On the orientation questions

(Another posting from my time in rehab in Palo Alto, this one originally written up on 12/2. As before, it’s very much a bare-bones posting — there’s a lot about posting to my blog that is still a cognitive mystery to me, thanks to alcohol poisoning.)

In the U.S., medical staff ask patients a series of questions to discover how well the patients are oriented to their contexts — where are you? What city is that in? What state? What year is it? Who is the president of the United States? The governor of the state? And so on.

Early in this inquisition comes a question I now believe to be unreasonable and insulting and which I will now accordingly refuse to answer, even when I know the answer: what is today’s date and day of the week? (On the day on which I am writing up this WordPress posting it is Sunday December 6th. I know this because I now carry a calendar, provided to me by my speech therapist at the rehab center, in which I mark off the days one by one, so I now always know the answer.)

Here’s the problem. The questioner expects the patient to remember the date and weekday for the previous day and then update these by one day. That is, the patient is expected to calculate this information, in the absence of information about these matters: most medical institutions are informational deserts, so calculation is the only avenue available, though no normal person figures out the date and weekday by calculation; instead, this information is provided to us, from many sources.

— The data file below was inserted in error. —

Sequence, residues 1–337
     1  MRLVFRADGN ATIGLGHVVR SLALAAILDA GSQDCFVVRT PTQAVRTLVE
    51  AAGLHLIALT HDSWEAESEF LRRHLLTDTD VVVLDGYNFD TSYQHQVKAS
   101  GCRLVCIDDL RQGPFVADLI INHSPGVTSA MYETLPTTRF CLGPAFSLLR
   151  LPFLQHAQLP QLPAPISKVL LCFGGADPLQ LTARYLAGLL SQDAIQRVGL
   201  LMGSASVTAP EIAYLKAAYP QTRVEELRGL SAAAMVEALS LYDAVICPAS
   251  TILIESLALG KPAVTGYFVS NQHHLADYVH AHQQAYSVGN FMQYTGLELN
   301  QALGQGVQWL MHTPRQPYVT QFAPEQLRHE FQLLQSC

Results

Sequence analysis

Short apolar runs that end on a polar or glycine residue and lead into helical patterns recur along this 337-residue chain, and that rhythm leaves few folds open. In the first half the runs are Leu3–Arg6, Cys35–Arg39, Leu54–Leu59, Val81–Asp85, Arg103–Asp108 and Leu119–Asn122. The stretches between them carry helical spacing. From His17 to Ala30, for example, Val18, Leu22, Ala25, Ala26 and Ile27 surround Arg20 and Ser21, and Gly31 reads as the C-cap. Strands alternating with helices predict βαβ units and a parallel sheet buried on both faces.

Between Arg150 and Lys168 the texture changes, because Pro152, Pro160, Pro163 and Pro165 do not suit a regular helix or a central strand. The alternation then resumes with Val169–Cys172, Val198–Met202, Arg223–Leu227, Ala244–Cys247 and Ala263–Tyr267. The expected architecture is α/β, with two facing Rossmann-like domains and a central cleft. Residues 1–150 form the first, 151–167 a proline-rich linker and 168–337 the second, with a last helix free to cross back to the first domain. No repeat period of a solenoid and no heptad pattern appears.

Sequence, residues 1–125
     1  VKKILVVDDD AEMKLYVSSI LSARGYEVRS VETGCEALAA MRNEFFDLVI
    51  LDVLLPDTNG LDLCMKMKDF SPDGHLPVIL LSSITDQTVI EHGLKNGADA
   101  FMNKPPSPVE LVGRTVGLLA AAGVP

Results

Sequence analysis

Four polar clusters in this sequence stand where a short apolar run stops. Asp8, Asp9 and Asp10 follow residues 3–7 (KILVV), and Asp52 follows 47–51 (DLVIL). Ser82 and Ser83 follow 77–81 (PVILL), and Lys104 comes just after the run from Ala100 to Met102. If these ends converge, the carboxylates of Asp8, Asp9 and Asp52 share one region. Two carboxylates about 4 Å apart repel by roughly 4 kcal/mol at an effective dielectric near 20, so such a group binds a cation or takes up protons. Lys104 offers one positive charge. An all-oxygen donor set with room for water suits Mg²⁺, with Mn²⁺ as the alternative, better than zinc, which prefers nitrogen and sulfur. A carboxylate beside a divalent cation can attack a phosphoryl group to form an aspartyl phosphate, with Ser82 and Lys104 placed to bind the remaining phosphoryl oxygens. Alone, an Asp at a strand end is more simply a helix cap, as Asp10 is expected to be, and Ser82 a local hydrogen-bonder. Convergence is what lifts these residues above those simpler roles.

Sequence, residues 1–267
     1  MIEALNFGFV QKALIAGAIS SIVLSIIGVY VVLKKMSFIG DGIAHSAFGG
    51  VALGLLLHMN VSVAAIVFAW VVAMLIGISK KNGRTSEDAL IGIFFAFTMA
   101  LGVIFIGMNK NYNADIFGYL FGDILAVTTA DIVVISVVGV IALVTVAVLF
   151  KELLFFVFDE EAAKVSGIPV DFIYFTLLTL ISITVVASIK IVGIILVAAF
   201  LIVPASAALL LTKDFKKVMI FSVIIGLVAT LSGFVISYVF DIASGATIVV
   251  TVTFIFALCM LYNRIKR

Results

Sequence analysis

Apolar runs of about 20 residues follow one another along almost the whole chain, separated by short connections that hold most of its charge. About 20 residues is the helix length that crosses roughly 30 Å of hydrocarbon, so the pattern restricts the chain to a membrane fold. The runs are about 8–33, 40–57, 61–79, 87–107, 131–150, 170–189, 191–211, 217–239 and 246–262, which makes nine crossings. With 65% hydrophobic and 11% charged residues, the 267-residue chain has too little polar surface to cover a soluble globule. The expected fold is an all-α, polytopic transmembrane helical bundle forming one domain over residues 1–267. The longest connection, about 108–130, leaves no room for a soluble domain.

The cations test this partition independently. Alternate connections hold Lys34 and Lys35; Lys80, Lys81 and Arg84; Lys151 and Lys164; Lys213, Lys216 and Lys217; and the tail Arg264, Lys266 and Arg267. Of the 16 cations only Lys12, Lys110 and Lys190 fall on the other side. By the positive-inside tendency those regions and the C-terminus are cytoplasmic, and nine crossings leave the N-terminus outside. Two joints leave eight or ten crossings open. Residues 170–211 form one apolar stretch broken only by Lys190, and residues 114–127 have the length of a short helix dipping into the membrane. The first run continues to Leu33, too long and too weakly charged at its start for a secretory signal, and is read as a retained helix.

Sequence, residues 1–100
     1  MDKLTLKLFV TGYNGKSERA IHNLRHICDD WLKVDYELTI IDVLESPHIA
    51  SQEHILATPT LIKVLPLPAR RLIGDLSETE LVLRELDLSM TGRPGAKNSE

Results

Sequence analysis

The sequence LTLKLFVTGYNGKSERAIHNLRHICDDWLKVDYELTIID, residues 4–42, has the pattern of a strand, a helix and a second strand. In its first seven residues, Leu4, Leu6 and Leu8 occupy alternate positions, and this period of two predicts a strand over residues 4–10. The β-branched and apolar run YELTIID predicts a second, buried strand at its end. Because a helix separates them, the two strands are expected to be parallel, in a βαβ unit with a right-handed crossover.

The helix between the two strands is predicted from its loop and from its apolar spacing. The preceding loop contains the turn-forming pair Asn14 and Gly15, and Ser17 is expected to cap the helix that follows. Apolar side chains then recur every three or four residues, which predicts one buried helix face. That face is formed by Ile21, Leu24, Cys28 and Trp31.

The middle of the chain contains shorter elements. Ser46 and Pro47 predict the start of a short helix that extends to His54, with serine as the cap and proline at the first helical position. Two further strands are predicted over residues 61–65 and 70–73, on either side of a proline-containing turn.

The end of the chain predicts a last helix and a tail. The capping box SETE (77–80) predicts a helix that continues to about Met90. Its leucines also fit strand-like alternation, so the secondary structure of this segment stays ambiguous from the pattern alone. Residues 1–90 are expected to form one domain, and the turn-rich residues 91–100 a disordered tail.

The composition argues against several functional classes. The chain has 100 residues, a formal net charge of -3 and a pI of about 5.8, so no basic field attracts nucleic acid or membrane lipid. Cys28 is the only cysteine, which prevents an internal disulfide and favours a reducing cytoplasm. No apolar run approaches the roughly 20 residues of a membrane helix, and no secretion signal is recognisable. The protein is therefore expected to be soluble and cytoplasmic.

So … My landline telephone displays the current date (and time). And as soon as I look at my computer, the date and weekday are conveniently displayed, often in several different places. Meanwhile, the daily newspaper displays both pieces of information prominently on its front page. Normal people are awash in the relevant information and would view the idea that they should somehow calculate it from shards of memory as lunatic.

Institutions should be supplying this information for their patients, in the same way that the way normal people are given it: the date and weekday should be prominently displayed in a place visible to everyone, to help orient them in their context.

4 Responses to “On the orientation questions”

  1. Julian Lander Says:

    I couldn’t agree more. I’m only recently retired, and I still have a schedule that varies from day to day, but I occasionally have to think to remember what day it is. And it is by calculation: I generally have an idea what I’m doing today, and I can generally figure out the day of the week from that. Date is harder, but do-able, because math comes easily to me, so I generally know the day/date correspondence for the month.

    And even working people occasionally trip over this, particularly around holidays, when the normal schedule is thrown.

    I agree it’s not an appropriate question if they’re looking for instant recall of a relevant fact. And, I suspect a lot of people don’t know immediately who the governor of their state is, particularly if it’s early in the governor’s term.

  2. kenru Says:

    Except for on a check written in January, everybody should know the actual year, at least. Unfortunately, except for the period between election and inauguration, every American (at least) should know the President. Other than that, I do wonder about all the other universal signifiers of reality, including those two which do have noted exceptions.

  3. Karen Schaffer Says:

    It would be interesting to hear from a professional what they’re actual expectation for that question is. I wonder if an honest, “Well, it’s December but I don’t know the exact day. Maybe the 6th?” might be considered a good response, versus a totally out of touch answer.

  4. Kathryn Burlingham Says:

    Aunt Terry does have a diagnosis of Alzheimer’s but I assure her that NOBODY including medical staffers remembers what day it is.

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